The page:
As for me and my story, I had an initial round of ventilation tubes places in my ear drums when I was 6 years old, along with an adenoidectomy which was thought to help diminish my ear infections. My family was told that my disease was due to a virus and I was not prescribed any antibiotics prior to my surgical procedure. These tubes fell out the next year, and my chronic otitis media still had not resolved. More permanent tubes were placed in my ears at age 8 and these became lodged in my ear drums until college, all the while I suffered from chronic fluid and pain in my ears. When I had the tubes removed at age 19, my ear drums were permanently scarred and I had to undergo a bilateral tympanoplasty in which a surgeon tried to patch the holes in my ear drums, to no avail. All of this resulted in me having to wear a hearing aide in order to hear adequately at the age of 28.

As the report from Mount Sinai Medical School indicates, the discrepancy between practice and guidelines, as well as the overuse of surgical management in lieu of less-invasive medical management cannot be in the best interest of the children suffering from this disease, and steps need to be taken in order to educate physicians and families alike as to the most appropriate steps for treatment of this chronic disease in order to save our children from having stories like mine.


1. Stol, Kim et al. Inflammation in the Middle Ear of Children with Recurrent or Chronic Otitis Media is Associated with Bacterial Load. The Pediatric Infectious Disease Journal. Volume 31, Number 11, pages 1128-1134. November 2012.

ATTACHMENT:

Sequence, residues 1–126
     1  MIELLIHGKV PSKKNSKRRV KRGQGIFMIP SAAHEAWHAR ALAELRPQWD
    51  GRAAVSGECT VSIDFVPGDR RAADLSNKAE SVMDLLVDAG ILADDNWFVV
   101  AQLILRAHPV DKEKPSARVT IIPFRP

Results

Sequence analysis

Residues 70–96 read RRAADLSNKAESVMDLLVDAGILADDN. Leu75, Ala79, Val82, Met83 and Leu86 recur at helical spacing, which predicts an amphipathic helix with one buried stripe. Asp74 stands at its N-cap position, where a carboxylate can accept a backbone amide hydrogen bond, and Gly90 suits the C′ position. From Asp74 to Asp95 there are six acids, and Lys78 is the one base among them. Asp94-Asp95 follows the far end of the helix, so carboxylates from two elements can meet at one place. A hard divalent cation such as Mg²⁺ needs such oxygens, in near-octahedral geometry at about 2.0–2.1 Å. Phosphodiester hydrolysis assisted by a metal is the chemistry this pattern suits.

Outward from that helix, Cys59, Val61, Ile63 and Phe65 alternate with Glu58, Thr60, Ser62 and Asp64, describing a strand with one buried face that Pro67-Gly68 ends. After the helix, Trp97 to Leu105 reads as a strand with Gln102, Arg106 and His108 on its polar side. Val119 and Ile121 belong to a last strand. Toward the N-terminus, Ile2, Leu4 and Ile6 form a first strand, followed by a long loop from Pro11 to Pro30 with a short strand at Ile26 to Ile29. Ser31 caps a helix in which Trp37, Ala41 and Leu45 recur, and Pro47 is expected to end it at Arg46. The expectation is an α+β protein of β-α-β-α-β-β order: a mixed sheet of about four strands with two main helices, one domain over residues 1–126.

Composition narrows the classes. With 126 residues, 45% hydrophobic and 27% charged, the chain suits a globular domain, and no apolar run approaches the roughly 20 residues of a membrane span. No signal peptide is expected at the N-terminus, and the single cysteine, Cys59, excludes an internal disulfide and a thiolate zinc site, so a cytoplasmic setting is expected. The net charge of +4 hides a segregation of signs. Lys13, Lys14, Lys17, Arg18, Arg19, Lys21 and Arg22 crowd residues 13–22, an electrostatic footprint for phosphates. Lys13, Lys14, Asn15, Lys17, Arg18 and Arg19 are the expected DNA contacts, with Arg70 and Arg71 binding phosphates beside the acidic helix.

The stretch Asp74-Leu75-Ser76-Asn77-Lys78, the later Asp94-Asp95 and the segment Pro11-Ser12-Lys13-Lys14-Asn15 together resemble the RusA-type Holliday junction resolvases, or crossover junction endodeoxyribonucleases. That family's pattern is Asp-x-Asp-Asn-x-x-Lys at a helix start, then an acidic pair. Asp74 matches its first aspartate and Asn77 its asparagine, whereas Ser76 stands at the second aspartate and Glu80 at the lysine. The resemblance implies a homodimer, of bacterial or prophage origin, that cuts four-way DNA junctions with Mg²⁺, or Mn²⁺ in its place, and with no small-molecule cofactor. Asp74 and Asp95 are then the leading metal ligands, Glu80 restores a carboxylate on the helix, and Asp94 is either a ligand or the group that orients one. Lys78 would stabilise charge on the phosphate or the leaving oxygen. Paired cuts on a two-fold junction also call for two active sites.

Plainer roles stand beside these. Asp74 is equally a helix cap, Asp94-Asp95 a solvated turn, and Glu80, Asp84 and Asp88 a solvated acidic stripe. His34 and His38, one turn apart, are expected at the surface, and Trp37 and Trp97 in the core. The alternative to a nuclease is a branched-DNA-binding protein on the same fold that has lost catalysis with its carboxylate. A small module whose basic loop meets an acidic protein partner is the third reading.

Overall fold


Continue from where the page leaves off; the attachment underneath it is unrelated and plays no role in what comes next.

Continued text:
2. Lusk, Rodney P. et al. Medical Management of Chronic Suppurative Otitis Media Without Cholesteatoma in Children. Layngoscope: February 1986.

3. Keyhani, et al. Overuse of tympanostomy tubes in New York metropolitan area: evidence from five hospital cohort. Mount Sinai Medical School. BMJ: 2008.

4. American Association of Family Practitioners.

Going out with a Bangs: Control of Human Brucellosis by means of an Animal Vaccine

This is the thirteenth of 16 student posts, guest-authored by Jessica Ludvik. 

One Disease, Many Species

Brucellosis, more commonly known as undulant fever in humans or bangs disease in cattle, is one of the oldest bacterial scourges of livestock-producing nations, especially those in which the animals live in close proximity with the human population.  The disease is caused by bacteria of the genus Brucella.  Within this category are many species of bacteria, each almost exclusive to a particular animal species.  A few of the most common seen in veterinary and human medicine today are listed in Table 1.  Of these, all but B. ovis has been shown to be transmissible to humans [1].

Why Should I care about Brucellosis?

            The presence of Brucellosis in a region is catastrophic to the economy and animal and human health.  In many livestock species, the bacteria elicits its major effects on the reproductive system, leading to late term abortions and stillbirths in females, weak newborns leading to death soon after birth, and inflammation of the testicles and testicular abscesses in males [2].  Abortion storms of 30-80% have been documented in cattle herds infected by B. abortus [2].  B. abortus and B. melitensis are the most common of the strains associated with human infection, and the World Health Organization (WHO) estimates that 500,000 new cases of human cases of human Brucellosis occur annually, making it the most common zoonotic disease in the world [3].  Its importance has earned it a spot on the Center for Disease Control’s (CDC) 2012 list of Nationally Notifiable Conditions.  To view this list visit the CDC’s website at